In addition to voice, the connection supports facsimile and data communications at speeds upt to 9.6 kb/s.

MCI's Plans

MCI Communications Corp. has also announced plans to link its Vnet virtual network service with International FeatureNet, adding to its array of international services, which include:

* voice,

* telex,

* fax,

* high-speed data,

* and electronic mail services.

To expand its global presence, MCI acquired the international record carrier RCA Global Communications in 1988.

The following year it bought 25% of Infonet, making MCI the largest shareholder in this value-added network provider.

This past May, MCI announced plans to interconnect its electronic mail service, MCI Mail, with eight United States and international carriers, covering France, Switzerland, Korea, and Australia.

MCI has also teamed up with Germany's Deutsche Mailbox, a leading European electronic mail provider, to supply MCI Worldmail to seven major European countries.

Recognizing the growing user demands for "one-stop shopping" for international services, MCI International inked a deal with Belgium's telecommunications authority in June to give customers a single point of contact for ordering full trans-Atlantic circuits between the United States and Belgium.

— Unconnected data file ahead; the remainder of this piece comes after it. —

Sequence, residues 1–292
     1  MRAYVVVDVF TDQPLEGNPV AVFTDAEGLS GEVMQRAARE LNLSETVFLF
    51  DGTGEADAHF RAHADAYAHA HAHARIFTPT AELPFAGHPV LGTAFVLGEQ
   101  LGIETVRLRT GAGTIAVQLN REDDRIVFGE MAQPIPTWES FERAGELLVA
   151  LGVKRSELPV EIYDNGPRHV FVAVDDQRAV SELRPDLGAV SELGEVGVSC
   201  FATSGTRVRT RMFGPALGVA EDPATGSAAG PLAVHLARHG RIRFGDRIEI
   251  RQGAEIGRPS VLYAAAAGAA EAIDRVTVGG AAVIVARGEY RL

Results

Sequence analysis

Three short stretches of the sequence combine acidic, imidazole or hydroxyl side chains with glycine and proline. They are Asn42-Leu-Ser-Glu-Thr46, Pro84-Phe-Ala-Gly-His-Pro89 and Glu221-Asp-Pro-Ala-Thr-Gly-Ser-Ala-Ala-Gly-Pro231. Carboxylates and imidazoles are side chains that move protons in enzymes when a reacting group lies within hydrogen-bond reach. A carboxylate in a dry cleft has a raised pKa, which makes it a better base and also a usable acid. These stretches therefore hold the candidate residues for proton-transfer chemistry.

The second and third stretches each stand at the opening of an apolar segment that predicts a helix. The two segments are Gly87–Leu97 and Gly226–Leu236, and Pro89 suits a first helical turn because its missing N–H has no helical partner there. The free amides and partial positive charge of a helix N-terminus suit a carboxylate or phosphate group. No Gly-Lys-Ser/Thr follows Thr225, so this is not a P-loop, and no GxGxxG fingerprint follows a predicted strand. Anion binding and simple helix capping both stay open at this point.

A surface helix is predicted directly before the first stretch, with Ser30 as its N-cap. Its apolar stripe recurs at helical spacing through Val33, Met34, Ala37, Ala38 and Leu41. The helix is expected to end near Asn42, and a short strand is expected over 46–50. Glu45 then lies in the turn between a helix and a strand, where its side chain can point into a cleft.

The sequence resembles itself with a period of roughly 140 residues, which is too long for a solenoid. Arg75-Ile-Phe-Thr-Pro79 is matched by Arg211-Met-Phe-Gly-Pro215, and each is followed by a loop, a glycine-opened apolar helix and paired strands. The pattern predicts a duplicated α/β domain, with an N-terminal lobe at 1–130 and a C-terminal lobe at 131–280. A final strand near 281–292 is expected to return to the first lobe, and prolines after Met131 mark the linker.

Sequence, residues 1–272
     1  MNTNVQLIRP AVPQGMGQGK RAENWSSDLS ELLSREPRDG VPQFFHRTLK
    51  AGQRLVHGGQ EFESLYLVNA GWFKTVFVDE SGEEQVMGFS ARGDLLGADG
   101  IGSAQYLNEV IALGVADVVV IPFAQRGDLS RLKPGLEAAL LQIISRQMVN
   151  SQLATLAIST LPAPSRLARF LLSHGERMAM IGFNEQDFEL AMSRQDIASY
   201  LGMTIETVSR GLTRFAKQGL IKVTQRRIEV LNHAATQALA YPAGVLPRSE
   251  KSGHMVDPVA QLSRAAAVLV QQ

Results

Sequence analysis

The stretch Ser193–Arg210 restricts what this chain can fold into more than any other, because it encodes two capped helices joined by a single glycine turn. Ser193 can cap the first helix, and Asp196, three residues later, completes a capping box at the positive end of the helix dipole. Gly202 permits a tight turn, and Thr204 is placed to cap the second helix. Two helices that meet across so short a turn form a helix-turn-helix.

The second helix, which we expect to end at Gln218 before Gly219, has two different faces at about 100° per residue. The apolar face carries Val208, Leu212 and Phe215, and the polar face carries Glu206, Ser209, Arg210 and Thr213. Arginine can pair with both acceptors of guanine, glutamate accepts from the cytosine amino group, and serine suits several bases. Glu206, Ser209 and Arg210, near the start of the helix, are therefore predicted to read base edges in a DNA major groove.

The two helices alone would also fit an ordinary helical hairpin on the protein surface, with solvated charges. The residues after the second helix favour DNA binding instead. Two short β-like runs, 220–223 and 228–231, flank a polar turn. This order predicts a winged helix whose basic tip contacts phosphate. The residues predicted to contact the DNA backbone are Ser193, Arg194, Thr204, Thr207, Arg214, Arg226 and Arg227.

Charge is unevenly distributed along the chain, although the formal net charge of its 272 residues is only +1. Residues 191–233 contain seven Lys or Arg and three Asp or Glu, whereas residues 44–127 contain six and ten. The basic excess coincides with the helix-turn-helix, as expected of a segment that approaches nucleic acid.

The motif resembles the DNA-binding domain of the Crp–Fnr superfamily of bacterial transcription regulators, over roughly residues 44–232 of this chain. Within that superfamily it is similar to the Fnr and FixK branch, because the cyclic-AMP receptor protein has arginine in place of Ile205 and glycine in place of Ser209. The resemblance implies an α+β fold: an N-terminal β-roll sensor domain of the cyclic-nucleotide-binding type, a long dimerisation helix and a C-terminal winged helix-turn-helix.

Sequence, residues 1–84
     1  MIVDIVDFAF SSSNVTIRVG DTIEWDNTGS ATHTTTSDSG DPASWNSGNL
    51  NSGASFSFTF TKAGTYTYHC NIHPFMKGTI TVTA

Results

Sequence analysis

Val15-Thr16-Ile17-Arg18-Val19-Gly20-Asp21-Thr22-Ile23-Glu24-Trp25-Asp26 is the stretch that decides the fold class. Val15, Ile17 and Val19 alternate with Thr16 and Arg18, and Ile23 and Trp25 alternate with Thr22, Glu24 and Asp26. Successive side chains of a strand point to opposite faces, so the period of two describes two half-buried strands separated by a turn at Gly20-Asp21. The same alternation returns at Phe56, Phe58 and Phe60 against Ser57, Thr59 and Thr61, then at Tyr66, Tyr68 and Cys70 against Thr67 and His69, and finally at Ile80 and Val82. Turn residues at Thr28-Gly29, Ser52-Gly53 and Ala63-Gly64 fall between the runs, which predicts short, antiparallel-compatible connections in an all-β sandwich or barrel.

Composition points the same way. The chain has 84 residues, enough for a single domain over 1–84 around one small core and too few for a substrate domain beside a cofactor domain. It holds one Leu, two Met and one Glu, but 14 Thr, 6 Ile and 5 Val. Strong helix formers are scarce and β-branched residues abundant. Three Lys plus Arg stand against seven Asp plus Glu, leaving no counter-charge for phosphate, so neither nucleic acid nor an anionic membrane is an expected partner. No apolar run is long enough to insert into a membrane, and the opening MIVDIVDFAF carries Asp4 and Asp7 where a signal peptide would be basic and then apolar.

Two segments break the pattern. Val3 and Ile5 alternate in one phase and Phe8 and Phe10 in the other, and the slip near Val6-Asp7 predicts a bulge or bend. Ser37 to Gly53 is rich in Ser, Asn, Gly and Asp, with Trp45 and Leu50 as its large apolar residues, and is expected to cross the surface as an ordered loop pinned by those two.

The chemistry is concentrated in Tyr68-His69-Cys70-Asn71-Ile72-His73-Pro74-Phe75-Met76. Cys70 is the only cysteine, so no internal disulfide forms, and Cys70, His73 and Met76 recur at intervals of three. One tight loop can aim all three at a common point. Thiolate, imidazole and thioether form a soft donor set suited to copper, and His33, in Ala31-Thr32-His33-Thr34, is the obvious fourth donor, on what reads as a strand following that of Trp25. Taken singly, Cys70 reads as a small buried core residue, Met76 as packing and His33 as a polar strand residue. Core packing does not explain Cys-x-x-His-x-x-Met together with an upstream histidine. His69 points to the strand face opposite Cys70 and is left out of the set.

Closer to home, MCI opened the first international fiber optic cable interconnection with Mexico in October.

The new gateway connects MCI's domestic fiber optic network with Mexico's telecommunications network, giving MCI's customers expanded high-quality data, voice, and facsimile communications with business centers in Mexico.

Sprint Joins Fray

This year saw a new entiry in the international communications arena.

Sprint International was formed last January from the combination of US Sprint's international voice division and Telenet Communications Corp. which is headquartered in Reston, Va.

Sprint International provides:

* direct dial voice service to 156 countries.

* packed-switched data links to 94 international locations,

* and videoconferencing services to 25 nations.

It also markets US Sprint's electronic messaging service, SpringMail, which serves more than 340,000 users and has been licensed as a public E-mail system or service in 20 countries.